Please continue checking back to the site, sharing us with your friends, and (pretty please with cherries and rainbow sprinkles on top) let us know what you think about our music! We wouldn’t be here without God, our family, or you all, and we’re anxiously awaiting everything that lies ahead with the hopes you will be there with us as well. Once again, thank you!

Much love,
Beau + Luci

June 3, 2013

How to Deal with Peer Pressure: I’m not very good at advice, but can I offer you a sarcastic comment?

At this age, it’s impossible not to be influenced by at least some people, whether it’s your best friends, your parents, people you see on the television, magazines, or even strangers. Some times it’s easy to think you’re doing the right or cool thing because you see others doing the same thing. People influence you and can pressure you into doing things based on many different factors—newspapers and magazines use celebrities with those certain issues of habits and make it look like its okay for regular people to do, also. Many times, once we have a close friend who is suddenly doing that thing that we once absolutely abhorred, it suddenly doesn’t seem as bad as it once was.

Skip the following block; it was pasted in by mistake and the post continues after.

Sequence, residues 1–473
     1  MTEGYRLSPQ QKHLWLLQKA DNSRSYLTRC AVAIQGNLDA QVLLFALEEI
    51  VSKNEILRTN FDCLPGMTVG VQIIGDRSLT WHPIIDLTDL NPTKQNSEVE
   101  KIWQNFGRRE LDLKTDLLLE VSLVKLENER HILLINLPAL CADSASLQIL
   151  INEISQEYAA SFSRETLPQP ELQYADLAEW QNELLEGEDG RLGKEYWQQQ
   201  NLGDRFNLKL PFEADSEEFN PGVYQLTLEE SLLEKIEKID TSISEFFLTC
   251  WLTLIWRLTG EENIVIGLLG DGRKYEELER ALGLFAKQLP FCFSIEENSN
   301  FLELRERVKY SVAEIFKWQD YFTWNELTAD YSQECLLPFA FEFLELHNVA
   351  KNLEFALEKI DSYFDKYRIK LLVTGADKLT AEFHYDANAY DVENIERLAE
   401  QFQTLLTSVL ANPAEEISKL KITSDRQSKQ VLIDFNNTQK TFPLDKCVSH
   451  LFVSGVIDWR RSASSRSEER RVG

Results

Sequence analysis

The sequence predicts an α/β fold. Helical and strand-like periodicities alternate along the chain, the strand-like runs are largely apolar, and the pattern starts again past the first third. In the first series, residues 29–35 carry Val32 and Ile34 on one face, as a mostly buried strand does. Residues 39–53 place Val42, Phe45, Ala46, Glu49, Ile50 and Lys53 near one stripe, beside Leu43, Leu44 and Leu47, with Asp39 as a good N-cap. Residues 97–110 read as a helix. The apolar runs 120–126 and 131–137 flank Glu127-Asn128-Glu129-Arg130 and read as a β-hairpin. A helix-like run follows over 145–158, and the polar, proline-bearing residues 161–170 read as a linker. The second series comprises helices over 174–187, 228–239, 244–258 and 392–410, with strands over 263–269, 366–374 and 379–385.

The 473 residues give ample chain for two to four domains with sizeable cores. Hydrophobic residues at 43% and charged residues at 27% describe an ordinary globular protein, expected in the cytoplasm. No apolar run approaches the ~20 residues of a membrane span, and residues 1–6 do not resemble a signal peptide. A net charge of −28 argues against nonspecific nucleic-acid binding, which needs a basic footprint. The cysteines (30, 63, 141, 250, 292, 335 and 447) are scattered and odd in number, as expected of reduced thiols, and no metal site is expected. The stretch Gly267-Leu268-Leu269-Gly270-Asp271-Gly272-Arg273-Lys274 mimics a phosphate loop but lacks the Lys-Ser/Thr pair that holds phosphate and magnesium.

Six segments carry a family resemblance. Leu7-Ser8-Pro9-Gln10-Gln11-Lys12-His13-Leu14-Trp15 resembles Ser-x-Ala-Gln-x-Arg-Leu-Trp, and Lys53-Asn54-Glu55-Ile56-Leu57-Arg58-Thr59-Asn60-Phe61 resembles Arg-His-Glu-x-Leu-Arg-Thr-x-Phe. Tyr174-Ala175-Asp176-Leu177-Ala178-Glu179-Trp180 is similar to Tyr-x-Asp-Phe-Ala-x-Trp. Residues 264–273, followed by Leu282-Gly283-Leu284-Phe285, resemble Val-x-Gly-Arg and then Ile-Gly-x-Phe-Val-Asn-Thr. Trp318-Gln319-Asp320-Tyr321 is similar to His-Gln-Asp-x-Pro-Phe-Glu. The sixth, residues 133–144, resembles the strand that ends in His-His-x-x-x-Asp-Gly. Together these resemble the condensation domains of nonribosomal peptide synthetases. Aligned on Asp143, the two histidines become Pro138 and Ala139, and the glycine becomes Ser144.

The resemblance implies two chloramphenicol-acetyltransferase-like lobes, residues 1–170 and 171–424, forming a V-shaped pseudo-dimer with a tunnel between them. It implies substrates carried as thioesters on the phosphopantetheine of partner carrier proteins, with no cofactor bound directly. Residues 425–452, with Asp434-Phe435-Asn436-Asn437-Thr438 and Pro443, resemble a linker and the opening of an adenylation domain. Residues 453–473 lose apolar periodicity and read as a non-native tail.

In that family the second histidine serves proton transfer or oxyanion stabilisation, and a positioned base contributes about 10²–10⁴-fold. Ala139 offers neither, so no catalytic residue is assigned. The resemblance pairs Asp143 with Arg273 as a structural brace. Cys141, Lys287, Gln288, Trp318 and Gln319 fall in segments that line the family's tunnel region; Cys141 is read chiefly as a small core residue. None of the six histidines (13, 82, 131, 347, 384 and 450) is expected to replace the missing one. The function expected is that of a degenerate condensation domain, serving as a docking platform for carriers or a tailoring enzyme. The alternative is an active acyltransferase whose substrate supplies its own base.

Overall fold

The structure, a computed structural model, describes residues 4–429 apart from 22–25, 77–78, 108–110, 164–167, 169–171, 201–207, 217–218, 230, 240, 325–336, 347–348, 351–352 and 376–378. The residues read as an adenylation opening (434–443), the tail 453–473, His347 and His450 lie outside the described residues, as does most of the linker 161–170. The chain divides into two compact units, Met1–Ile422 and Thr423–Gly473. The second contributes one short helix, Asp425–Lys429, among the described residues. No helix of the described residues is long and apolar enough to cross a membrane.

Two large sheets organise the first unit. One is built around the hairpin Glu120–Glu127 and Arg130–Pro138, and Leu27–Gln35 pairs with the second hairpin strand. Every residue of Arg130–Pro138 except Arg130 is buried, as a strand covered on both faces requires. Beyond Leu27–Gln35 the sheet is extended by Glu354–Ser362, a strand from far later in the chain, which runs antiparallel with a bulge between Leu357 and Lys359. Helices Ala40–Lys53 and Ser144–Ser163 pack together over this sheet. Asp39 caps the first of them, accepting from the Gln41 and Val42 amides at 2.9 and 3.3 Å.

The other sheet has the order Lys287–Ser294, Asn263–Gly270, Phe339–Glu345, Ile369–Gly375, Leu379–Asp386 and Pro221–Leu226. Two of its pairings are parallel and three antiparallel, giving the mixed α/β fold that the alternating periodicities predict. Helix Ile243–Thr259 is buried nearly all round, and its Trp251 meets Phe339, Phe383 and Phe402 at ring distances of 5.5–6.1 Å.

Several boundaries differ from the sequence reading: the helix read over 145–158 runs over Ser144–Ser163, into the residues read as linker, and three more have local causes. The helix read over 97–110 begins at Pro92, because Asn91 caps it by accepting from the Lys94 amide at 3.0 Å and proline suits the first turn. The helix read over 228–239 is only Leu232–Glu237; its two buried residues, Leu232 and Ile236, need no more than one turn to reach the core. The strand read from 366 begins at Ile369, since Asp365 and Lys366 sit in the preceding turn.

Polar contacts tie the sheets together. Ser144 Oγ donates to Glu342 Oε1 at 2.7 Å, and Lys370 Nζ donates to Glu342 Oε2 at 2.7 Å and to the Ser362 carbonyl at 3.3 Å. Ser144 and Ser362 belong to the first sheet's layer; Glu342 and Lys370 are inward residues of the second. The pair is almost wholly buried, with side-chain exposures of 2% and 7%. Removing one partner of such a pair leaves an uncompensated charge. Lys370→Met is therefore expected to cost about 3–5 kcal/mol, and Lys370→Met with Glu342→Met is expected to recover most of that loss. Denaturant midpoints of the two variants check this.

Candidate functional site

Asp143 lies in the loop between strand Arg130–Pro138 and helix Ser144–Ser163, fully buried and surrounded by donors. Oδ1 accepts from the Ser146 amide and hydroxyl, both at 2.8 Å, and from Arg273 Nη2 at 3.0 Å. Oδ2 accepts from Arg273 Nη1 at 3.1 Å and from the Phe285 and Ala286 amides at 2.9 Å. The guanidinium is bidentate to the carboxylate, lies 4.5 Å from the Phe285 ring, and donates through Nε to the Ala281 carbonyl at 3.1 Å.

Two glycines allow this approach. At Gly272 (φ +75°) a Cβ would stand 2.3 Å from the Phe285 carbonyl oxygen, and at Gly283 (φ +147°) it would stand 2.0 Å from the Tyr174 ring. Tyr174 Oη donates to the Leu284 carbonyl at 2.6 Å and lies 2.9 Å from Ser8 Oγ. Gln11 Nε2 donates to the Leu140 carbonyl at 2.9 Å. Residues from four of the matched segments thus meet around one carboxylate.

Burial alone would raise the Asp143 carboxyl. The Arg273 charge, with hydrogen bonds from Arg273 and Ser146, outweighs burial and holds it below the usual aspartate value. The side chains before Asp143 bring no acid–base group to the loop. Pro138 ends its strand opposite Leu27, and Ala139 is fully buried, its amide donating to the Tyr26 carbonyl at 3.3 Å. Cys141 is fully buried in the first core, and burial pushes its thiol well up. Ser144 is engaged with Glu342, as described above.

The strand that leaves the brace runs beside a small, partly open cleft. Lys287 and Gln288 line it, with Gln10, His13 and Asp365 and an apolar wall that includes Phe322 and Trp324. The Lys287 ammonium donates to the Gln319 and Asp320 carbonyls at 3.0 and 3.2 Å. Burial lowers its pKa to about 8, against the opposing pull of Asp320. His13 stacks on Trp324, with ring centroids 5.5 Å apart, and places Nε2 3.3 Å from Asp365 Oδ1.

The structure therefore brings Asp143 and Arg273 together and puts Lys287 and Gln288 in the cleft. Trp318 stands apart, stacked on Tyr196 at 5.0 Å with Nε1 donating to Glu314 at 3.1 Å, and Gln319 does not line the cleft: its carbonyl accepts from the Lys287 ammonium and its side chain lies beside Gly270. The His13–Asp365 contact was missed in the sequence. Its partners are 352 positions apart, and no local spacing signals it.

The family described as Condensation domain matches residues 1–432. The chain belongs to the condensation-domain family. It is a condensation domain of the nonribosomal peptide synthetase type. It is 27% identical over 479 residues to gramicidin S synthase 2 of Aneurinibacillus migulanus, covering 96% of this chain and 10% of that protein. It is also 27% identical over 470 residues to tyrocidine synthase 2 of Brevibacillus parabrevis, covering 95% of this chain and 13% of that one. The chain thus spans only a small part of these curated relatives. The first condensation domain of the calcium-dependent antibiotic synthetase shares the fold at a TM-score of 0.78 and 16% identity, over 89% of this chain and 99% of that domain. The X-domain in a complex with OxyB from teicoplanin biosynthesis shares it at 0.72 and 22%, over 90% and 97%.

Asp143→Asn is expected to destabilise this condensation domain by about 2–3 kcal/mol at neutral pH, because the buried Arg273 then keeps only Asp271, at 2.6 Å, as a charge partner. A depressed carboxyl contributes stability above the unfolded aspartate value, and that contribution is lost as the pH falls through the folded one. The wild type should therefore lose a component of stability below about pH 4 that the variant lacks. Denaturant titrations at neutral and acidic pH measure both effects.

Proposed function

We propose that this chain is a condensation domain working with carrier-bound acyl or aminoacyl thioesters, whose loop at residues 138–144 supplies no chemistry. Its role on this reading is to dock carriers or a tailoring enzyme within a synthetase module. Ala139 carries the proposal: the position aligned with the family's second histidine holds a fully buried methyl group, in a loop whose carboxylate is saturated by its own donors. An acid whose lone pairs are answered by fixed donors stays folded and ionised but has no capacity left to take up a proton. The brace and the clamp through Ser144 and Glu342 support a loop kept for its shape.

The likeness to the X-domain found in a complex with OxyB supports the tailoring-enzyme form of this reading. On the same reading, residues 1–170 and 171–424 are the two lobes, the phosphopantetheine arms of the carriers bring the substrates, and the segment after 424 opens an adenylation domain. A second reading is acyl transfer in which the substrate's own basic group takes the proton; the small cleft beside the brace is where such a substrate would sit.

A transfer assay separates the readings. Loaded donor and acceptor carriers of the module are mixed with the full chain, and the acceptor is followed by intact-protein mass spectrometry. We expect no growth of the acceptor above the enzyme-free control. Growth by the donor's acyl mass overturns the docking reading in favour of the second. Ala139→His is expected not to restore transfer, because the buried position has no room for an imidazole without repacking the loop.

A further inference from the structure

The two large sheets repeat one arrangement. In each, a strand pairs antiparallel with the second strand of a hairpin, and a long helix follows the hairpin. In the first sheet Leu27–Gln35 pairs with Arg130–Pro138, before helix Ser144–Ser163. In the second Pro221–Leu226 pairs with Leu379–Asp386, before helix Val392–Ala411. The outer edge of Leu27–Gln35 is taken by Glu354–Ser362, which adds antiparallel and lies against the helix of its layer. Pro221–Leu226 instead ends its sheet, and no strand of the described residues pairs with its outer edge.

There are many ways to refuse to do things, and they even come from some of the celebrities. It’s nice to see that even celebrities can refute the grips of bad habits. One way, is to pull a Louis Tomlinson and sass your way out of peer pressure. When someone, or a group of people, are trying to convince you to do something, pull something from the books of the sass master of Doncaster (England). Whip that head, cock your hip, pull out that finger and get your sass on. Generally, ending sentences with words like ‘imbecile,’ ‘peasant,’ or ‘dark lord of the underworld,’ can help you get your point across. Always remember to use words that are too large for that Neanderthal’s vocabulary. If you can’t beat them with sheer force, beat them with the sassiness and the intelligence of your vernacular. Example: